CAAF decided the Air Force case of United States v. Paul, No. 14-0119/AF, 73 M.J. 274 (CAAFlog case page) (link to slip op.), on May 29, 2014. The court reverses the Air Force CCA’s decision that took judicial notice of the fact that 3,4-methylenedioxymethamphetamine (“Ecstasy”) is a controlled substance in order to affirm Appellant’s conviction for wrongful use of the drug in violation of Article 112a. CAAF concludes that “while a CCA might generally take judicial notice of an undisputed fact or question of domestic law that is important to the resolution of an appellate issue, it cannot take judicial notice of facts necessary to establish an element of the offense.” Slip op. at 15.
Chief Judge Baker writes for a unanimous court.
Appellant was tried by a special court-martial composed of a military judge alone and convicted, contrary to his pleas of not guilty, of multiple offenses including wrongful use of 3,4-methylenedioxymethamphetamine (“Ecstasy”) on divers occasions. But the military judge who convicted Appellant did so despite the fact that the Government failed to either introduce evidence to prove that Ecstasy is a controlled substance or ask the trial judge to take judicial notice of that fact. Nevertheless, the Air Force CCA affirmed the conviction by taking judicial notice of the fact that ecstasy is a controlled substance, finding it to be indisputable.
CAAF then granted review to determine the propriety of the CCA’s approach, with the following issue:
Whether the Air Force Court of Criminal Appeals erred when it took judicial notice of an element of a charge in violation of Garner v. Louisiana, 368 U.S. 157 (1961), and Military Rule of Evidence (MRE) 201(c).
Chief Judge Baker’s opinion begins by providing some context: The Government’s case included a civilian witness who testified that she saw “Appellant using ecstasy in his apartment on two separate occasions during the charged time period.” Slip op. at 3. Additionally, the Government introduced text messages obtained from Appellant’s cell phone that discussed using “e” and “rolling.” A footnote explains: “‘rolls’ and ‘rolling’ are common slang associated with ecstasy use.” Slip op. at 4 n.3. But while the parties focused their arguments to CAAF on the fact that the CCA took judicial notice of the scheduled nature of the substance, Chief Judge Baker’s opinion highlights a more foundational point:
Though the charge sheet stated that Appellant did “wrongfully use 3,4-methylenedioxymethamphetamine, a Schedule I controlled substance, commonly known as Ecstasy,” and in closing argument, the Government used a slide that read, “Accused used 3,4-methylenedioxymethamphetamine, commonly known as Ecstasy, Ex or E,” the Government did not enter anything into evidence indicating that Ecstasy is in fact 3,4-methylenedioxymethamphetamine.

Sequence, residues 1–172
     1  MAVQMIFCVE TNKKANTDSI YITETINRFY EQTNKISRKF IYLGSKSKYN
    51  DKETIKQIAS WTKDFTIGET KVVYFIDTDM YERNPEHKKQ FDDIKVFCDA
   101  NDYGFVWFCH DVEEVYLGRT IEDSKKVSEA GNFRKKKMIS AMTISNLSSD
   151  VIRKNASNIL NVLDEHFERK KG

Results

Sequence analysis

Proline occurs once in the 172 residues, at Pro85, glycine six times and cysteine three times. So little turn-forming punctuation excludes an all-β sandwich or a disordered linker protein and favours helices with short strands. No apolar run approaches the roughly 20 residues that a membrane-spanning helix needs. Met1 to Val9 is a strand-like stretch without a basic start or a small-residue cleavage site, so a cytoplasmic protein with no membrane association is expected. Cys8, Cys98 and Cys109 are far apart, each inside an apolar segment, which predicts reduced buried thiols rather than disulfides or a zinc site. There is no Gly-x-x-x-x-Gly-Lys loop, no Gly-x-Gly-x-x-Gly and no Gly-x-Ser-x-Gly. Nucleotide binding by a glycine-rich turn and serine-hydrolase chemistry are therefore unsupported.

Slip op. at 4 (emphasis added). Chief Judge Baker then explains just how wrong the military judge was in finding Appellant guilty of this offense:
The problem in the present case, as the CCA observed, is that the Government did not offer evidence at trial that Appellant used 3,4-methylenedioxymethamphetamine, that 3,4-methylenedioxymethamphetamine is a controlled substance, or that 3,4-methylenedioxymethamphetamine is commonly referred to as ecstasy. To the contrary, the Government offered legally sufficient evidence that Appellant used “ecstasy.” Ecstasy is neither a named prohibited substance under Article 112a, nor has it been listed on any schedule prescribed by the President. . . . In short, the Government’s evidence did not make the essential connections among ecstasy, 3,4-methylenedioxymethamphetamine, and Schedule I.
As a result, no rational trier of fact could have found an essential element of the charged offense beyond a reasonable doubt, namely that Appellant used a Schedule I controlled substance.
Slip op. at 7-8. Chief Judge Baker then turns to “whether the CCA could take judicial notice of a fact necessary to establish an element of the offense that the Government failed to establish at trial.” Slip op. at 8. At the outset, CAAF clearly “affirm[s] that an appellate court can take judicial notice of law and fact under certain circumstances.” Slip op. at 10. In other words, CAAF says yes to appellate judicial notice. In this respect, I disagree with Phil’s post titled “No to appellate judicial notice?”
But there are two issues with what the CCA did in this case:
First, whether characterized as a question of fact or law, M.R.E. 201 in this case would require that the Appellant first have notice and an opportunity to be heard. . . . Second, and related, the CCA took judicial notice of an element of the offense.
Slip op. at 11.